Purpose – This research aims to examine the wildfire vulnerability of part‐time and full‐time residents in the wildland‐urban interface (WUI) of Teton County, Wyoming. Are part‐time residents creating more of a vulnerability to the community because they do not live in the community all year, they have limited experience with wildfires, and they perceive Firewise activities as not being effective mitigation practices? Design/methodology/approach – Data collection took place via a survey that inquired about respondents past wildfire experiences, if they do Firewise activities, and how effective they feel these wildfire home protection activities are. Responses were analyzed by Chi‐squared and t‐tests where appropriate. Findings – The results of this study indicate that part‐time residents have the same past wildfire experiences and perceptions of Firewise activities, and do similar Firewise activities as full‐time residents. This suggests that these communities in Teton County may be more homogenous in their vulnerability than other wildfire communities. Research limitations/implications – Because of the limited geographic scope, results cannot be generalized for the entire county, the state of Wyoming, or other wildfire‐prone residential areas. Therefore, researchers are encouraged to investigate other WUI areas. Practical implications – This research suggests that local and federal agencies in and near these communities talk to the residents of wildland‐interface communities and help them become less vulnerable to the wildfire hazard. Originality/value – This research adds to the limited know of wildfire‐urban interface vulnerability and perceptions. It is significant because this interface will expand as amenity migration into these natural areas continues to occur.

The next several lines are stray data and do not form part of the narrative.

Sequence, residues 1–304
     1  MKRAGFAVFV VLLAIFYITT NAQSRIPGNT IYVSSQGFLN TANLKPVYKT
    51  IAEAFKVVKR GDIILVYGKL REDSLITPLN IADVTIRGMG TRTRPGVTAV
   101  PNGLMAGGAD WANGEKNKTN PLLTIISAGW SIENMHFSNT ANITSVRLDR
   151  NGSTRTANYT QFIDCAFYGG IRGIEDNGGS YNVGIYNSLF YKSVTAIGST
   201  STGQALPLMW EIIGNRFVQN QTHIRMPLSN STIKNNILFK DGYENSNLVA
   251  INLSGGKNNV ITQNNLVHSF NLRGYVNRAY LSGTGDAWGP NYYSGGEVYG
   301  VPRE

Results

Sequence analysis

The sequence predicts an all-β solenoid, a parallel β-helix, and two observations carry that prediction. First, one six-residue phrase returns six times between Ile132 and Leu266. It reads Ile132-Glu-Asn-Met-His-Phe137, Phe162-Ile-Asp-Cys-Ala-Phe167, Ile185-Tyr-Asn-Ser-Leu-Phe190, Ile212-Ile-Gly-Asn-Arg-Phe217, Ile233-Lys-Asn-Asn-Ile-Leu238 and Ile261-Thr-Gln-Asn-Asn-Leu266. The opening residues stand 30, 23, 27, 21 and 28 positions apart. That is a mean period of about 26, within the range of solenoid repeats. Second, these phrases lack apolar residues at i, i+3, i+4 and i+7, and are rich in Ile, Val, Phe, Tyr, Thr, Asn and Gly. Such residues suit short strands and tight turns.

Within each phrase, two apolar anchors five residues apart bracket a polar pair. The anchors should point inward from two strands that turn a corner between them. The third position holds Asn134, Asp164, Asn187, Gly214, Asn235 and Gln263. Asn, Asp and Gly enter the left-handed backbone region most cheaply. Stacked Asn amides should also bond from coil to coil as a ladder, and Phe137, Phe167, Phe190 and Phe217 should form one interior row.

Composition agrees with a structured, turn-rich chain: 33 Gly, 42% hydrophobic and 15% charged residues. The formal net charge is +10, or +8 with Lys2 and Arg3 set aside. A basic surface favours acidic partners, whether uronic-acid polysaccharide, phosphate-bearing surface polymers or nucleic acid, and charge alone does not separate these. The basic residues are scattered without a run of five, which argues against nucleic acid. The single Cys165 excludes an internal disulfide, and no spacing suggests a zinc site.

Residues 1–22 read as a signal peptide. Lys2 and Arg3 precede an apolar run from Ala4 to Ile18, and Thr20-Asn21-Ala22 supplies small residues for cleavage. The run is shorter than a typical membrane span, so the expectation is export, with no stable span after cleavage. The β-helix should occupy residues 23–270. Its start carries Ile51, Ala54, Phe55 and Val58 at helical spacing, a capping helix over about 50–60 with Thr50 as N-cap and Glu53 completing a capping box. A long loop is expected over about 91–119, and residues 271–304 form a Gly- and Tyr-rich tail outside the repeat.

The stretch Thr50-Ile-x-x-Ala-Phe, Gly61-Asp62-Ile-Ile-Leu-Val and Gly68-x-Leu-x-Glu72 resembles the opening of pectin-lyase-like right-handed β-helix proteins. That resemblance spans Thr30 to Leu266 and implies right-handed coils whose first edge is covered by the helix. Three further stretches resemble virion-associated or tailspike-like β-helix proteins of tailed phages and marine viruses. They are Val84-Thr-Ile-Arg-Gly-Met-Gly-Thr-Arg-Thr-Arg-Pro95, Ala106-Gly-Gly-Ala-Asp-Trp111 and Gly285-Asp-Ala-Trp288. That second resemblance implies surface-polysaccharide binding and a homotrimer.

Disaster Prevention and Management – Emerald Publishing
Published: Apr 19, 2013
Keywords: Natural disasters; Wildfire vulnerability; Risk perception; United States of America
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